Reacting for the first time to the allegation of sexual harassment against him, former Supreme Court judge Swatenter Kumar on Saturday said it was a deep-rooted conspiracy and that "none of the facts are verified."
In a legal notice sent to three media houses which carried reports on the allegation yesterday, Justice Kumar says "The intern story is concocted with ulterior motives... The complaint is false and a result of conspiracy to tarnish the judge reputation."
The legal notice says the young woman lawyer who had made the allegations, had worked with Justice Kumar only for three days, whereas one of the media reports indicated she had worked with him for a month.
Through the legal notice, Justice Kumar has also demanded an apology from the three media houses, saying they would otherwise be sued for defamation.
Last month, in a complaint to Chief Justice of India P Sathasivam, the young woman lawyer had said that she was sexually harassed on three occasions by a sitting judge at his residence while she was interning with him in May 2011. That judge was Justice Swatenter Kumar, Additional Solicitor General Indira Jaising yesterday told NDTV. (Read more
In her detailed affidavit to Chief Justice Sathasivam, the lawyer said, "On one occasion, the judge placed his hand on my lower back. I felt quite uncomfortable and disturbed... he asked me if I would be comfortable travelling with him during the internship, and staying in hotel rooms... I felt extremely awkward and uncomfortable."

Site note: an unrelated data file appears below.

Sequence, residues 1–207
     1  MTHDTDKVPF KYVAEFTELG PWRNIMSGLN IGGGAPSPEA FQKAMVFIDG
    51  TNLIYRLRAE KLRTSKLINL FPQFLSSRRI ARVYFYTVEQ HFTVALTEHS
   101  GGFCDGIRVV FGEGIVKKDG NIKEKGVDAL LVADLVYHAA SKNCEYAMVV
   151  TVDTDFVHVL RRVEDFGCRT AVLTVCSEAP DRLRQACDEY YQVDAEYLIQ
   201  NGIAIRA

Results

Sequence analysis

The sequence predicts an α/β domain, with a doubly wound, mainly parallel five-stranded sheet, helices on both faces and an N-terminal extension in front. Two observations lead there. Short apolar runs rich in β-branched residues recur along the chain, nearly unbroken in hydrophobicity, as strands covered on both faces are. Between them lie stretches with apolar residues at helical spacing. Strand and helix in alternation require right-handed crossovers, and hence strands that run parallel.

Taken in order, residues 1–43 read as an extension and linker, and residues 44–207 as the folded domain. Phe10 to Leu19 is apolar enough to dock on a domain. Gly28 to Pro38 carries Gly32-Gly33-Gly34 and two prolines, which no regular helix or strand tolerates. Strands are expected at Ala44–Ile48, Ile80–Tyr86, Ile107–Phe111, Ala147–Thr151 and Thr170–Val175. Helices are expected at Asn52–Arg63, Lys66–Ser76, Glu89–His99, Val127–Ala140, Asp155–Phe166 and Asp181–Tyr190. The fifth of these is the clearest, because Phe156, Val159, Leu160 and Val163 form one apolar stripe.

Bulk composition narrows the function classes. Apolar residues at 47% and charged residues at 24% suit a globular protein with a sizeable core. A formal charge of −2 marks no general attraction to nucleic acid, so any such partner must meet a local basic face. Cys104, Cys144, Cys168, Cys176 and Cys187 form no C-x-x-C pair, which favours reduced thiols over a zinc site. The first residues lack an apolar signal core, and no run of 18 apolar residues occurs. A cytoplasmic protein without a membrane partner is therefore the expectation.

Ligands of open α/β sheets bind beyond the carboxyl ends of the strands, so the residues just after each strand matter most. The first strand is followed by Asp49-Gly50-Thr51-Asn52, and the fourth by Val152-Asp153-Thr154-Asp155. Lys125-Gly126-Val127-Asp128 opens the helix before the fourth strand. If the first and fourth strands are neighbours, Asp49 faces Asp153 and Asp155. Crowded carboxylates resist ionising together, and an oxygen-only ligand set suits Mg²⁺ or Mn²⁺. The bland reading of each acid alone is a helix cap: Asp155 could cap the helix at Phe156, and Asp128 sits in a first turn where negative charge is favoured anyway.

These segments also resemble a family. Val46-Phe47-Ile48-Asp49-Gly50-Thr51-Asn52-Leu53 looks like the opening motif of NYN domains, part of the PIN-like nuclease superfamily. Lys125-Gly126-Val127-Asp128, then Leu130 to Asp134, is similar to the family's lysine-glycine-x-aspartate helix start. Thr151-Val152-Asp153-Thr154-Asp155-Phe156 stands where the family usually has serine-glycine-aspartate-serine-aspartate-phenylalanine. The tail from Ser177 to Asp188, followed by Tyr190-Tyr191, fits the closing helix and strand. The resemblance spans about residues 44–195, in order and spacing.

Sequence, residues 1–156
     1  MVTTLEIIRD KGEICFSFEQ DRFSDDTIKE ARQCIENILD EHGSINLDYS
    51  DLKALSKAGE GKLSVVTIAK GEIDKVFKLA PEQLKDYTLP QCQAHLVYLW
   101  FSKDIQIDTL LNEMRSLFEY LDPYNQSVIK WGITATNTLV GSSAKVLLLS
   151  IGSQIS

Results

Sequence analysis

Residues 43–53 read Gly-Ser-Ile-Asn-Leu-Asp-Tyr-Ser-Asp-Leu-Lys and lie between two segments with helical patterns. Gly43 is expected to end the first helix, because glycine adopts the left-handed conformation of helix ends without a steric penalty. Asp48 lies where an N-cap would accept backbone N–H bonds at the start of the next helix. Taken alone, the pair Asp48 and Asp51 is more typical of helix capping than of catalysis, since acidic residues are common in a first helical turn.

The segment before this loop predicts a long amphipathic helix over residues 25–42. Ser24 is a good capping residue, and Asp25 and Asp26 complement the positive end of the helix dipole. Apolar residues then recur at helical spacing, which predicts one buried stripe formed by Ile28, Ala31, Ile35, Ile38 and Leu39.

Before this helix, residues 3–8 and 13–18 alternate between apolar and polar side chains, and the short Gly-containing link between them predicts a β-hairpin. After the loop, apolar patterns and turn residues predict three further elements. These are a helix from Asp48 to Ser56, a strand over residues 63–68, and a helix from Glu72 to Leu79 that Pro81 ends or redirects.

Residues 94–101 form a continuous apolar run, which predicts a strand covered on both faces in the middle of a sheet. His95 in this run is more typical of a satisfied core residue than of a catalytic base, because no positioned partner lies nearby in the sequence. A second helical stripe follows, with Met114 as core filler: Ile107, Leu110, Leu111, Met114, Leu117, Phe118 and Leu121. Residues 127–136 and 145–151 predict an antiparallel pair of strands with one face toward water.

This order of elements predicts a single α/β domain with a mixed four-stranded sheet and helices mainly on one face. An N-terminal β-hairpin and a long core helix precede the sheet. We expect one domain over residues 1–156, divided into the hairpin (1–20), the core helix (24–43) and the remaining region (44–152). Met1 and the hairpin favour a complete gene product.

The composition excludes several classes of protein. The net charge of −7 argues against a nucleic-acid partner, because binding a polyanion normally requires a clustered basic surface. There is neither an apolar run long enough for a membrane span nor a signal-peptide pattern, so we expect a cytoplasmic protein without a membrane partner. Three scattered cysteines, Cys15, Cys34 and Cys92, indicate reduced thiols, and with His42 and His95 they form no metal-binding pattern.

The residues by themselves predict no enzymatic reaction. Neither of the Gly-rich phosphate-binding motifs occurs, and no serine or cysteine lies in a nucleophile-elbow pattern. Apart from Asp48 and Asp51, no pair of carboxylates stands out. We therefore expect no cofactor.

"On 28 May, 2011 he put his right arm around me and kissed me on my left shoulder... On 29 May, I told him I would not be able to continue my internship."
But the top court reportedly told the young lawyer that it couldn't act against the judge, as he had already retired. A similar stance adopted by the Supreme Court panel during the Justice AK Ganguly case had invited much criticism from activists. But unlike in the latest case, Justice Ganguly was not a sitting judge when he allegedly sexual harassed his intern.
Today, Union Minister Veerappa Moily told NDTV that the charges against Justice Kumar are serious and it is the duty of the judiciary to decide on whether to order an inquiry.
"Whether the offence was committed when he was a Supreme Court judge or now should not matter," Mr Moily said.